as she had known them, for ten years. In addition, E~ also completed a “Statement
of Marriage,” indicating she believed the couple had maintained a home and lived together
as spouses continuously since 1982. The claimant’s sister completed a “Statement Regarding
Marriage” where she indicated she had known the NH for 38 years and had met with the
NH on all holidays and at all family “get togethers.” The claimant’s sister stated
that the NH and claimant were generally known as spouses and she herself considered
them spouses because they “did everything together,” “shared together,” attended all
functions together, and bought and owned a home together.
These statements are similar to those provided in Fravala, which the Superior Court found to be “overwhelming evidence supporting the fact
that the community recognized the parties to be in a husband-wife relationship for
over thirty-five years.” 996 A.2d at 706. The evidence in Fravala included testimony from three of the plaintiff’s children, who told the court that
the deceased was a father figure during their childhood, four friends who described
the plaintiff and the deceased as a “couple,” and the plaintiff’s grandson, who testified
that he called the plaintiff and the deceased his “grandparents.” Id. at 700-01.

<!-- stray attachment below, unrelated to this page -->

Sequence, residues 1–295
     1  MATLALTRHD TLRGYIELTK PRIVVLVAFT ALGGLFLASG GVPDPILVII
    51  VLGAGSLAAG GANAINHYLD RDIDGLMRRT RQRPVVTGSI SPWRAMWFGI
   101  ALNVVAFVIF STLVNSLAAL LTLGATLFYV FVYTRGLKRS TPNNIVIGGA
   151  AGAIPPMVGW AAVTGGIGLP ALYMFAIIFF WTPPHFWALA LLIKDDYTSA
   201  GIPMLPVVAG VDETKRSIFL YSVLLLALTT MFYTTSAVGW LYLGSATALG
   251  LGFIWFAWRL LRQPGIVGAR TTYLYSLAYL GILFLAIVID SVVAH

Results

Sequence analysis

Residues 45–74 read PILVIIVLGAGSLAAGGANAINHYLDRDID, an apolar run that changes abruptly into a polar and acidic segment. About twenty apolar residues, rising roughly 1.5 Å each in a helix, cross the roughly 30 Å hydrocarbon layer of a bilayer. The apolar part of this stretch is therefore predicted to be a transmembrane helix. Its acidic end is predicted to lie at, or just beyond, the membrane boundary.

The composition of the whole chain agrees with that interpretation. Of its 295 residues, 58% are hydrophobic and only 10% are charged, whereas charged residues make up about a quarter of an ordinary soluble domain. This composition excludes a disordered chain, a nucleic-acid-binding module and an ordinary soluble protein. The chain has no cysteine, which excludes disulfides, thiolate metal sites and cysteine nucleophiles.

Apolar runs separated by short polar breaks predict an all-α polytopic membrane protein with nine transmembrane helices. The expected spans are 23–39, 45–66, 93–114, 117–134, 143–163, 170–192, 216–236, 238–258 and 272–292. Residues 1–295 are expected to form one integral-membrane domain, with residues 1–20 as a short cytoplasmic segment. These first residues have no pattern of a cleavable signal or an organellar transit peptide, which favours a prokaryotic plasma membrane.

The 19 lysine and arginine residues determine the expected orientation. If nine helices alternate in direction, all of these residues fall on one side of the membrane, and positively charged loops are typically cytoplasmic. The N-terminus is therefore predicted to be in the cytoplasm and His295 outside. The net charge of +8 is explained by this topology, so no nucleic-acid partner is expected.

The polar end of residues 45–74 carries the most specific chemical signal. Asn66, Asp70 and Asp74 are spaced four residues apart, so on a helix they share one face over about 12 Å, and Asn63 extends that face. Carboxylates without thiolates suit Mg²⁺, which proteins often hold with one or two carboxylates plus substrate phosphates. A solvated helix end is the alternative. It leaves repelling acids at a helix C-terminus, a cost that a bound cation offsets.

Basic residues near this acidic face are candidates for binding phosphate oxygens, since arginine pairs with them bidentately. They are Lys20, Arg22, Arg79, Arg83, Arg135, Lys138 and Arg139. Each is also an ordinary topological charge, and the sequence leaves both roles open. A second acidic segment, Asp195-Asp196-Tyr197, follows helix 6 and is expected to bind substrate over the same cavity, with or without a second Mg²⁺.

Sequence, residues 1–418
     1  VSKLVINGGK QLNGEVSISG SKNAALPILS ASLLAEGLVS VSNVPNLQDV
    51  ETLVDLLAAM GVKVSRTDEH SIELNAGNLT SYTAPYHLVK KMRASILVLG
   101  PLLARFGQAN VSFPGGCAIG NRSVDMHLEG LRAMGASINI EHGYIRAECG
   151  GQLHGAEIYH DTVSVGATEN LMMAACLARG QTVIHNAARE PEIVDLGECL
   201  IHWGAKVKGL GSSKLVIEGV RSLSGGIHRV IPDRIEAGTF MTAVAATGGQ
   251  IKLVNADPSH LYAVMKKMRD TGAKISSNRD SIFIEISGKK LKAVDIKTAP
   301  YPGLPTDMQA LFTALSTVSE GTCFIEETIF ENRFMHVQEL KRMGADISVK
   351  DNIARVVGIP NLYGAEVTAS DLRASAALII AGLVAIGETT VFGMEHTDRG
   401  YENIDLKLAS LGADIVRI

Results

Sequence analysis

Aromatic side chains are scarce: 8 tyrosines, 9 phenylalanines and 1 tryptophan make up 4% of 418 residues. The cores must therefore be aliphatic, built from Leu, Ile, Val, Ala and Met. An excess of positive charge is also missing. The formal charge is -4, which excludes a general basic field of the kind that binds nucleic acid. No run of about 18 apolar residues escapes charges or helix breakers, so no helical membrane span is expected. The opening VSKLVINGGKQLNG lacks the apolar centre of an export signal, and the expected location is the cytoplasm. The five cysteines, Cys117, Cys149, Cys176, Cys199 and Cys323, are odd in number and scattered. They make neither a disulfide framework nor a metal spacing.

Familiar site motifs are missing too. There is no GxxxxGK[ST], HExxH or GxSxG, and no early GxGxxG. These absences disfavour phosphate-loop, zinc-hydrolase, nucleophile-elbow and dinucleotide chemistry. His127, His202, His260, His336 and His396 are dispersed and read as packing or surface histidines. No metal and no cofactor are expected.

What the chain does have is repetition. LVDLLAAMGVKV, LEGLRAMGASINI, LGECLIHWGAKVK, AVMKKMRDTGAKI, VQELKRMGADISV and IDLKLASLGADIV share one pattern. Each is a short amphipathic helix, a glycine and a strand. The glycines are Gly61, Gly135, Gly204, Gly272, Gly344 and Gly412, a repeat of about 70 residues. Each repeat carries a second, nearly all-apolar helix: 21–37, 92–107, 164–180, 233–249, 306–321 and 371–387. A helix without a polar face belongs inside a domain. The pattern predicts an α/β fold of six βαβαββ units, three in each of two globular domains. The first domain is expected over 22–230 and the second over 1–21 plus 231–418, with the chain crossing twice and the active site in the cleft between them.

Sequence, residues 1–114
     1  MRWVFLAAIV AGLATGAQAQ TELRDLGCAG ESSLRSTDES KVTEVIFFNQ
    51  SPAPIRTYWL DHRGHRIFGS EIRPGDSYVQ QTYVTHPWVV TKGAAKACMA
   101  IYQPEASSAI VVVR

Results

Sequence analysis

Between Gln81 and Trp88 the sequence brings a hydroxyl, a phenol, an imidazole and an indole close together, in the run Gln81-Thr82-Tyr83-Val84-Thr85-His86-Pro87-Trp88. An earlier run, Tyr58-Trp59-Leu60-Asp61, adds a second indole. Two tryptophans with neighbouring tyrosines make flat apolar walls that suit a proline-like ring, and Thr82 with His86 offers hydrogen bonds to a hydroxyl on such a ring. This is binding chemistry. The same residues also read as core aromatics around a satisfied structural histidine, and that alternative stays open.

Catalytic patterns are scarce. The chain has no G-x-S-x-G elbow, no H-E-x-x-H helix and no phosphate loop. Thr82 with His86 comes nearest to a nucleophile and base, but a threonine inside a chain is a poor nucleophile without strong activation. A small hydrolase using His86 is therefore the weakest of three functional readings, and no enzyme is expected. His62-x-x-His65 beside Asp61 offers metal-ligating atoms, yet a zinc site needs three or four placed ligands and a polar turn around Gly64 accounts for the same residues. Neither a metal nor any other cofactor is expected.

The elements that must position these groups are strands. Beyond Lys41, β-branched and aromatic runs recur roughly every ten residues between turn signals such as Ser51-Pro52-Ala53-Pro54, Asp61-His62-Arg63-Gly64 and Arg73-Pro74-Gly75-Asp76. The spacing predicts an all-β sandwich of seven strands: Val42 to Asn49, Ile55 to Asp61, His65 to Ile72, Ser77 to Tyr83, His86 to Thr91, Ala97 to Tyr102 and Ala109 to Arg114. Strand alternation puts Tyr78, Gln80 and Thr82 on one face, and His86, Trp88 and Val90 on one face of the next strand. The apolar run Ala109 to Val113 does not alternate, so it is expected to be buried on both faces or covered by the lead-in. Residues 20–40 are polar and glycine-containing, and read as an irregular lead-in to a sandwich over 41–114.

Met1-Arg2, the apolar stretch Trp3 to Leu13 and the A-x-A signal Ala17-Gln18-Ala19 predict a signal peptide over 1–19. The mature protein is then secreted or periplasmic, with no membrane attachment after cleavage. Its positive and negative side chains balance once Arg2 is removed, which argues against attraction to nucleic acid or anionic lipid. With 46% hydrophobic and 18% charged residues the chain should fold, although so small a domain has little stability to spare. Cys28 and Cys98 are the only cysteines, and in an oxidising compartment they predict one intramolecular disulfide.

In addition to these statements, the couple cohabitated starting in 1977, purchased
a home together in 1988, shared joint bank accounts, co-owed a car or a truck, and
served as co-trustees of the P~-O~ Revocable Trust (formed in 2000). Based on the
evidence, we believe a Rhode Island court would conclude that the claimant provided
clear and convincing evidence of a belief in the community that the couple were married.
We believe that the couple’s relationship satisfies Rhode Island’s requirements to
establish a valid, common-law marriage, at least as early as 2013. For that reason,
the agency would be justified in concluding that the claimant is the NH’s widower
for the purpose of entitlement to widow’s benefits under Title II.
Michael J. Pelgro
Regional Chief Counsel
By: Sarah E. Choi
Assistant Regional Counsel